And the premise that the periphery countries can pay down the current debt without major debt relief is a conscious fraud, argues Yanis Varoufakis (The US Debt Ceiling Strife from a European perspective 10/17/2013):

In Peripheral countries like Greece, Portugal, Spain, Ireland, even Italy, countries immersed and drowning in un-payable debt, the race has been on for 4 years now to pretend that these insurmountable debts can be repaid even though we all know they cannot. Imagine the Greeks’ bafflement when they hear that the most powerful economy in the world, which has no trouble repaying its debts, is toying with a default when Greece and Europe have struggled so hard to mislead the world that Greece’s debt will be, somehow, repaid. Using default as a weapon with which to wage internal wars seems to Europeans like a very peculiar form of self-inflicted credibility loss.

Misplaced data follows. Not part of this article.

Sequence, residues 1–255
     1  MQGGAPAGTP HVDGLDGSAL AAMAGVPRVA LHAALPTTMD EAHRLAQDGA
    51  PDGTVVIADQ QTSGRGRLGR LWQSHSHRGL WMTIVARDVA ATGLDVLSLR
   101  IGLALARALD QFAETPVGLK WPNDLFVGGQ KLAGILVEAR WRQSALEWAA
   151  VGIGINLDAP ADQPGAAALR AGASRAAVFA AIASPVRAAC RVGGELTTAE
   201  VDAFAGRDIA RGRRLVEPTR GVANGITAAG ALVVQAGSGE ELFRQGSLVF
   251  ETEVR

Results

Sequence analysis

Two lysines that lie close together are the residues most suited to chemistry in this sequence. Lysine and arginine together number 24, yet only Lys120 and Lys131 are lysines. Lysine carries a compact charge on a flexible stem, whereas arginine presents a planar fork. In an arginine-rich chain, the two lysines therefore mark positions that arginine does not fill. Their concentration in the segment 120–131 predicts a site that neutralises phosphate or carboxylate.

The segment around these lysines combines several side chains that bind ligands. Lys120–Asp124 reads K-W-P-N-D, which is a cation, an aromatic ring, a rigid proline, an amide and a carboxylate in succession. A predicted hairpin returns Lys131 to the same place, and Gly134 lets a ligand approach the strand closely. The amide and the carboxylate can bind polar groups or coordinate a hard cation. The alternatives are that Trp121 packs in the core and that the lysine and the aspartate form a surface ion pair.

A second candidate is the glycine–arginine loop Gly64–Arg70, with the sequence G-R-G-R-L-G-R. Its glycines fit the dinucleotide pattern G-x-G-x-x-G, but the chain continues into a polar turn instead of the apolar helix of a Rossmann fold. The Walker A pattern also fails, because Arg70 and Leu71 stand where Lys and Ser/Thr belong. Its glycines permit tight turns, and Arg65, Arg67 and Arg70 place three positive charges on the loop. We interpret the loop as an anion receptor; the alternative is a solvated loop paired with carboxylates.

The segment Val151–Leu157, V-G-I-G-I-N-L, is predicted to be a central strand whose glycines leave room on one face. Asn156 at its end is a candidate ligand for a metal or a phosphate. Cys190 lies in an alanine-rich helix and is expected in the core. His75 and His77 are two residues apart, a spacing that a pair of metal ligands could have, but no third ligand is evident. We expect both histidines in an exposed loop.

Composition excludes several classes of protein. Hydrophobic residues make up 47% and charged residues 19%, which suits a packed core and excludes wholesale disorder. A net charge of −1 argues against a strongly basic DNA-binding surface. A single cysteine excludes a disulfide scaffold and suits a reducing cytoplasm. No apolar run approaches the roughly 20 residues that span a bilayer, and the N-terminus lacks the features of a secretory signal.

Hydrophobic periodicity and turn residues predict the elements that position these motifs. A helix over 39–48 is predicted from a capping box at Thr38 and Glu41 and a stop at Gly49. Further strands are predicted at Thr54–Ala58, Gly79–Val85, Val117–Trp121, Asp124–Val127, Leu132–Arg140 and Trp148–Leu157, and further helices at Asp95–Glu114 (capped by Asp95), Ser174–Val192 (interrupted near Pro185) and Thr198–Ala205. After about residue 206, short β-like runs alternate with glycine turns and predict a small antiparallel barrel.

Italy survived a government crisis just recently that could have led to new elections, which likely would have strengthened the anti-austerity, anti-Merkel parties and increased the pressure to refuse new austerity measures. Now they may be facing another one. (Neue Regierungskrise in Italien 19.10.2013) As Reuters reports, the current Prime Minister Enrico Letta proposed a budget that "seems designed more to offend nobody than to give the euro zone's most chronically sluggish economy a decisive boost." (Letta plays safe with solid but unambitious Italian budget 10/16/2013)